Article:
Funding will enable further development of Ugimer® antisense drugs in inflammation and immunology
Innsbruck, Austria, 28 May 2013 – ugichem GmbH, developer of a novel antisense drug platform, has raised €2.25 million from public and private investors to advance preclinical Ugimer® drug development for immune-mediated inflammatory diseases (IMID). ugichem was awarded a grant of €850,000 by Austria’s Research Promotion Agency FFG and received an equity financing of €1.4 million from existing investors.
Based on its proprietary Ugimer platform ugichem aims to develop a pipeline of antisense drugs addressing unmet medical needs in indications involving inflammatory processes with a current focus on rheumatoid arthritis.
With a new in vivo efficacy and safety profile the Ugimer antisense drug platform enables the functional modification of disease-relevant, previously undruggable targets in tissues and cells of the immune system not amenable to standard antisense approaches and RNAi. Ugimers penetrate immune cells, such as T cells, without the need for additional delivery tools and do not stimulate the immune system resulting in reduced side effects and an improved safety profile. Recent preclinical data using Ugimers demonstrated a highly efficacious modulation of target mRNAs and, consequentially, a significant reduction of inflammatory cytokines after endotoxemia in vivo in various key tissues for inflammatory disease including the spleen and thymus.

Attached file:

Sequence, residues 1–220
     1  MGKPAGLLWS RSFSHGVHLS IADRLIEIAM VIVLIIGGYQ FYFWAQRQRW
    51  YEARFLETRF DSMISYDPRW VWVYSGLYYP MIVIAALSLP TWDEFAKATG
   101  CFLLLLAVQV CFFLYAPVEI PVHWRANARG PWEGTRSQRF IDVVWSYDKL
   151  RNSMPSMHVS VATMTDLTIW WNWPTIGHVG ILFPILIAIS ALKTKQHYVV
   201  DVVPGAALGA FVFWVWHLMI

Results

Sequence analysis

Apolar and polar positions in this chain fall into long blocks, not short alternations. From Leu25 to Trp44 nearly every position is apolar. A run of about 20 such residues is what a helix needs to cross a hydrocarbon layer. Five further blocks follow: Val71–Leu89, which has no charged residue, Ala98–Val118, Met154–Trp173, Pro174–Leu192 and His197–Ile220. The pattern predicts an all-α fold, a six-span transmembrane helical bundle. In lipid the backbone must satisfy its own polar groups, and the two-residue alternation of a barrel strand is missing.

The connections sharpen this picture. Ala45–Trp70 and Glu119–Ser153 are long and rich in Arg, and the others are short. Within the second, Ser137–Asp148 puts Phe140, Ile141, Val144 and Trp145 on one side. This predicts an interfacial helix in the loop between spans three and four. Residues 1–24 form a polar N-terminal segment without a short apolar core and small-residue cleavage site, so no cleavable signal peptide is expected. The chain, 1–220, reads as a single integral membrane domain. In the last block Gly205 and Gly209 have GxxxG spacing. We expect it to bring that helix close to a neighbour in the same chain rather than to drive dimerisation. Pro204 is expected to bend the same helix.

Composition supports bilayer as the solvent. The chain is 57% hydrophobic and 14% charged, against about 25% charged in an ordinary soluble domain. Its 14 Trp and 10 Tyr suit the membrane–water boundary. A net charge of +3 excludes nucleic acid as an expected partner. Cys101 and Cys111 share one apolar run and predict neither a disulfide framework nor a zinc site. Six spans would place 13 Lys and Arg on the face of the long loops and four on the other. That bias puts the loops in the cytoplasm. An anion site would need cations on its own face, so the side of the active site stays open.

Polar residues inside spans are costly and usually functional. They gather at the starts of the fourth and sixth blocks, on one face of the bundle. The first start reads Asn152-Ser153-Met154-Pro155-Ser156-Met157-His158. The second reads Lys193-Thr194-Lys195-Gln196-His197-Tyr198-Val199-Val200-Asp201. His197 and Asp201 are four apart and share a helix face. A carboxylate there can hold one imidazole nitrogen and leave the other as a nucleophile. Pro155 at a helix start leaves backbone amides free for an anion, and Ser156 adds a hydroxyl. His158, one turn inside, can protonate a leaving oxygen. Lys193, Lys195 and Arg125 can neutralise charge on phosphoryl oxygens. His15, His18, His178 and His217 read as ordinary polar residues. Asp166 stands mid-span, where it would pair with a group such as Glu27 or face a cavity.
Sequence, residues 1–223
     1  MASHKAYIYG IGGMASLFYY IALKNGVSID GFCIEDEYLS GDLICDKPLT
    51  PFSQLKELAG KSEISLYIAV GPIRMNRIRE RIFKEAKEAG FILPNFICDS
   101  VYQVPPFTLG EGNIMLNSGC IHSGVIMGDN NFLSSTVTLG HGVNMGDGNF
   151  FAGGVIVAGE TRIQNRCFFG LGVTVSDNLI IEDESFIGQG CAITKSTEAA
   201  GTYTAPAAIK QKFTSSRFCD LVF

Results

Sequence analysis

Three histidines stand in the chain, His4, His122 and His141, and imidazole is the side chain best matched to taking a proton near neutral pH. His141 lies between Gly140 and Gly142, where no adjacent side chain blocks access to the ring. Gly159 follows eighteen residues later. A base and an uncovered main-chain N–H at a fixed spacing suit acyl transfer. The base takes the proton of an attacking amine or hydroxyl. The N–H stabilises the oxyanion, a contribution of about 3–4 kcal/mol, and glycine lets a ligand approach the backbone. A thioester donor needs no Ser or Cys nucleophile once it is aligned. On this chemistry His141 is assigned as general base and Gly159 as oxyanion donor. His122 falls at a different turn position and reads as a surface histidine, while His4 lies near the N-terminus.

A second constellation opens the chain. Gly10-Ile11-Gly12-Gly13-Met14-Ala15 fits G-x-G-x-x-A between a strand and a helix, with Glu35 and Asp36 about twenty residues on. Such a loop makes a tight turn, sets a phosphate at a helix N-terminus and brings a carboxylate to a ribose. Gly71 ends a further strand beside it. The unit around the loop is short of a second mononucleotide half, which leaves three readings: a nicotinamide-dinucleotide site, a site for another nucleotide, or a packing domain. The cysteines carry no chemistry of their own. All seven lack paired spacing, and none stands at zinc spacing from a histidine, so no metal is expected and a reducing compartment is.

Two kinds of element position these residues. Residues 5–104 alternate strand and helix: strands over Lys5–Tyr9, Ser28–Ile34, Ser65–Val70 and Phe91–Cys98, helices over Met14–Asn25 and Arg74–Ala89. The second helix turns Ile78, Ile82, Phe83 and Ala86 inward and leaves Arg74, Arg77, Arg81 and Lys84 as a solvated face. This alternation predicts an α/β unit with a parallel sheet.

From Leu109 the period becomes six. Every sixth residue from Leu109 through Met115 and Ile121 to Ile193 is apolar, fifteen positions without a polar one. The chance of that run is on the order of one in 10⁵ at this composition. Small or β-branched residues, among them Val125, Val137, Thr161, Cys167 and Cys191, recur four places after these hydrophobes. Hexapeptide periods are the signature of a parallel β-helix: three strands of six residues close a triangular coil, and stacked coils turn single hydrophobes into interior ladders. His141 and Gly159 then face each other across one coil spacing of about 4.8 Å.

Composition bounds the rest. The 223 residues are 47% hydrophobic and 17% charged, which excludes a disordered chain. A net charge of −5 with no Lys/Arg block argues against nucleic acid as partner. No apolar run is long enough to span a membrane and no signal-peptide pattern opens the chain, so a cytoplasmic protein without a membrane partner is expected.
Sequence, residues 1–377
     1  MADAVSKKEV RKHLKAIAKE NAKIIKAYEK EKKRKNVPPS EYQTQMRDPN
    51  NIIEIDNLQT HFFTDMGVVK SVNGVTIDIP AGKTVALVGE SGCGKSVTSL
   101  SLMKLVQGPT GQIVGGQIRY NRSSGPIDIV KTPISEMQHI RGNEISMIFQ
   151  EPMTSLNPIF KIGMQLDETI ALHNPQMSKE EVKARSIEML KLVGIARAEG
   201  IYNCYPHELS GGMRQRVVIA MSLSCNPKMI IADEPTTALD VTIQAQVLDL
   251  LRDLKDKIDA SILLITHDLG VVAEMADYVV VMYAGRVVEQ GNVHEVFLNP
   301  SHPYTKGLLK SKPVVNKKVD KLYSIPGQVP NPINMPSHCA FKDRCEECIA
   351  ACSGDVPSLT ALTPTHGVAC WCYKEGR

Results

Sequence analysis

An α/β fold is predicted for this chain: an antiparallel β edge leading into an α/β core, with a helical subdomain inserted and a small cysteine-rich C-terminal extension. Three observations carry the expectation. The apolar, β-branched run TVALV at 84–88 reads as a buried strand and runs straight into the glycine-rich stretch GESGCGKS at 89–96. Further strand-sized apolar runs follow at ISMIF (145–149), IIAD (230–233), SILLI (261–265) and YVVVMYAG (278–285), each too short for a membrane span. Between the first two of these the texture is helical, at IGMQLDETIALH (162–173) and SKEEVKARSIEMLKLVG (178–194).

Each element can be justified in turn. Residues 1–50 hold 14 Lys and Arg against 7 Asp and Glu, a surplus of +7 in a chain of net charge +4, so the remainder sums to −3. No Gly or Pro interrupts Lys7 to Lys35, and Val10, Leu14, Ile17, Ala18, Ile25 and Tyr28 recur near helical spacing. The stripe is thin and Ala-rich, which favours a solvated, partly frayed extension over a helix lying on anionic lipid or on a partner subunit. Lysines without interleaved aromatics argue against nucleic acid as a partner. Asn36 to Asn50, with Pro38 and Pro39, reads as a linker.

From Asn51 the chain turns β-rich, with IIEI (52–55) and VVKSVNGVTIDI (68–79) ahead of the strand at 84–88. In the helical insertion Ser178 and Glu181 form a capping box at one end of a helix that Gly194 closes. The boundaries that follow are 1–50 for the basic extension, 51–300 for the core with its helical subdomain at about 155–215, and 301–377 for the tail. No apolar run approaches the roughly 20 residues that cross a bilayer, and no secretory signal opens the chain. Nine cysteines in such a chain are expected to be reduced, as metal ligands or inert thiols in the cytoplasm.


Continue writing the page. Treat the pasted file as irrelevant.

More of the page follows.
Dr Holger Bock, CEO of ugichem, said: “During the past two years we have generated significant evidence to support our unique antisense platform. Ugimers enable the utilization of the powerful antisense mechanism to modulate previously undruggable targets in inflammation. The additional funding will be used to further build on the therapeutic value of Ugimers and will allow us to identify lead candidates in acute and chronic inflammation.”
Notes to Editors
ugichem is developing antisense drugs based on its proprietary Ugimer platform for unmet medical needs in immune-mediated inflammatory diseases (IMID).
Ugimers overcome the shortcomings of standard antisense technologies or RNAi. In contrast, Ugimers are not derived from natural nucleic acids but are based on the peptide nucleic acid (PNA) backbone and carry specific side chains for improved delivery, efficacy and specificity. This innovative design provides Ugimers with unique biopharmaceutical properties allowing them access to previously inaccessible organs, cells and cellular compartments, including the immune system. Moreover, Ugimers are the first and only antisense drugs that have efficacy in mitochondria.
Located in Innsbruck, ugichem is funded by private and public investors and supported by grants from Austria’s Research Promotion Agency FFG.
For more information on the company, please visit: www.ugichem.com
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